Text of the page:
Extreme weather events and shortage of labor and materials for repairs will push property insurance rates higher in the next several years, the chief executive of U.S. home insurer Hippo said on Tuesday.
As homeowners stayed home during the pandemic, their properties suffered more damage due to issues such as bathroom leaks, and it was harder to get tradespeople in to mop up, Assaf Wand, chief executive officer and co-founder of Hippo said in an interview at the Reuters Future of Insurance USA conference. To see the video, click: https://vimeo.com/566187753/e6e9fea3a1
“The severity of the claims increased quite significantly,” Wand said, pointing to higher rates charged by plumbers and to buy lumber.
Those prices were likely to normalize as the U.S. economy opens up following the vaccination roll-out, but hurricanes and wildfires are leading to increased damage as more people move to disaster-prone locations, he added.
“I expect to see rates increase over the next several years,” Wand said.
“Labour and materials keep on increasing…the severity of catastrophic events keeps on increasing.”
Insurers are taking increasing note of climate change, with many fearing the rapid changes could make some premiums unaffordable, especially for customers exposed to extreme weather events.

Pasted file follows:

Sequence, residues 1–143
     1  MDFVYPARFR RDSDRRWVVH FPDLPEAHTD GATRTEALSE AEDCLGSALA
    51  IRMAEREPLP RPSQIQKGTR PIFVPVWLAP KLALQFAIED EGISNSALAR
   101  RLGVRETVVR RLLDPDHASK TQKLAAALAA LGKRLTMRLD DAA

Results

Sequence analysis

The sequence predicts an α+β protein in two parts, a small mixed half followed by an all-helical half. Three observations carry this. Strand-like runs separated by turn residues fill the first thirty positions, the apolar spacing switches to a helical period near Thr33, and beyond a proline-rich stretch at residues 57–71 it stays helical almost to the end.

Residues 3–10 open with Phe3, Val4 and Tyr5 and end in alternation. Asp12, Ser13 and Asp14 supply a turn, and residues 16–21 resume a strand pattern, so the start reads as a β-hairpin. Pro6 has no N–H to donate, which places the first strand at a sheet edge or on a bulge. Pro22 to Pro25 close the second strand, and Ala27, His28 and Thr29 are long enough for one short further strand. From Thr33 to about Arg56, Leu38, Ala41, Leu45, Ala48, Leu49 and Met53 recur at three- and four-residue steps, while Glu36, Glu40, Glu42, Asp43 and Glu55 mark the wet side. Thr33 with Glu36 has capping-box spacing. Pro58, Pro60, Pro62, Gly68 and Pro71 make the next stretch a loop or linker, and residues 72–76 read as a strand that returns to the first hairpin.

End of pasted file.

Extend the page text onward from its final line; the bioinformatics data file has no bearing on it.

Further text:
Insurers and banks are also facing stricter regulatory scrutiny over their response to global warming, with shareholders expecting better disclosures and transparency on climate-related risks.
One advantage of the pandemic, however, was that “the world has shifted three to five years forward on digitalization,” Wand added.
Blank Check Merger
Hippo in March said it would go public through a $5 billion merger with a blank-check firm backed by Silicon Valley heavyweights Reid Hoffman and Mark Pincus, in a sign of rising interest in the fast-growing “insurtech” sector.
Founded in 2015, Palo Alto-based Hippo sells homeowners insurance online.
Home insurance products offered through Hippo are currently available in 32 U.S. states, covering more than 70% of the country’s population, and the company expects its products to be available to 95% of the population by the end of 2021.
The COVID-19 pandemic has forced the insurance sector to rely heavily on technology to reach customers, helping the “insurtech” sector, which uses artificial intelligence and big data.
Both insurance and technology need to do more on inclusion, Wand said.
“These two are industries that are just not diverse enough,” Wand said, adding that Hippo was hiring data scientists and customer agents from other sectors to help improve diversity.
“We are trying to push and nudge.”
Insurtech Tractable told Reuters earlier this month that it is keen to boost diversity in a typically male-dominated sector, adding that more than 20% of its software engineers are women, above the industry average. https://reut.rs/3gFtGkC
For more on the Reuters Future of Insurance USA conference please click here.
(Reporting by Noor Zainab Hussain in Bengaluru and Carolyn Cohn in London; Editing by Lisa Shumaker)
Top Photo: Home in Tupelo, Miss., May 3, 2021. Multiple tornadoes were reported across Mississippi. AP Photo/Thomas Graning.
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